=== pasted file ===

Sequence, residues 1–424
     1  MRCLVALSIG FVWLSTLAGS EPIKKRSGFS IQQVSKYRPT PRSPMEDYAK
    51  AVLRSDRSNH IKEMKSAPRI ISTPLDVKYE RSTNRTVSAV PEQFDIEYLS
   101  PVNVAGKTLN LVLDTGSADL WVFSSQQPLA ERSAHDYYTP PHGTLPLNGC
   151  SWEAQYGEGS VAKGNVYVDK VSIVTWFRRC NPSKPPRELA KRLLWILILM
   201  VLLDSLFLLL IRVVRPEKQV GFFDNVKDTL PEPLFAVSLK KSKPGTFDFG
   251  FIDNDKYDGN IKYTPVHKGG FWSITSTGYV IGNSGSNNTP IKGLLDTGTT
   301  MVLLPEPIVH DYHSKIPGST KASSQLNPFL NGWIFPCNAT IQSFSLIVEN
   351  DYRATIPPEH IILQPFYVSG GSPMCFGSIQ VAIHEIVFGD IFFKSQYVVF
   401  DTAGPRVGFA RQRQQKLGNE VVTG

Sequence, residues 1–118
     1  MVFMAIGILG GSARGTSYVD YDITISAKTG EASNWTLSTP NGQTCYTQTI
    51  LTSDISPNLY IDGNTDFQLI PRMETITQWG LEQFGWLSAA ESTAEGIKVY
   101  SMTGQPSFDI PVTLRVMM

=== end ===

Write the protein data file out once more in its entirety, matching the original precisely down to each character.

Sequence, residues 1–424
     1  MRCLVALSIG FVWLSTLAGS EPIKKRSGFS IQQVSKYRPT PRSPMEDYAK
    51  AVLRSDRSNH IKEMKSAPRI ISTPLDVKYE RSTNRTVSAV PEQFDIEYLS
   101  PVNVAGKTLN LVLDTGSADL WVFSSQQPLA ERSAHDYYTP PHGTLPLNGC
   151  SWEAQYGEGS VAKGNVYVDK VSIVTWFRRC NPSKPPRELA KRLLWILILM
   201  VLLDSLFLLL IRVVRPEKQV GFFDNVKDTL PEPLFAVSLK KSKPGTFDFG
   251  FIDNDKYDGN IKYTPVHKGG FWSITSTGYV IGNSGSNNTP IKGLLDTGTT
   301  MVLLPEPIVH DYHSKIPGST KASSQLNPFL NGWIFPCNAT IQSFSLIVEN
   351  DYRATIPPEH IILQPFYVSG GSPMCFGSIQ VAIHEIVFGD IFFKSQYVVF
   401  DTAGPRVGFA RQRQQKLGNE VVTG

Sequence, residues 1–118
     1  MVFMAIGILG GSARGTSYVD YDITISAKTG EASNWTLSTP NGQTCYTQTI
    51  LTSDISPNLY IDGNTDFQLI PRMETITQWG LEQFGWLSAA ESTAEGIKVY
   101  SMTGQPSFDI PVTLRVMM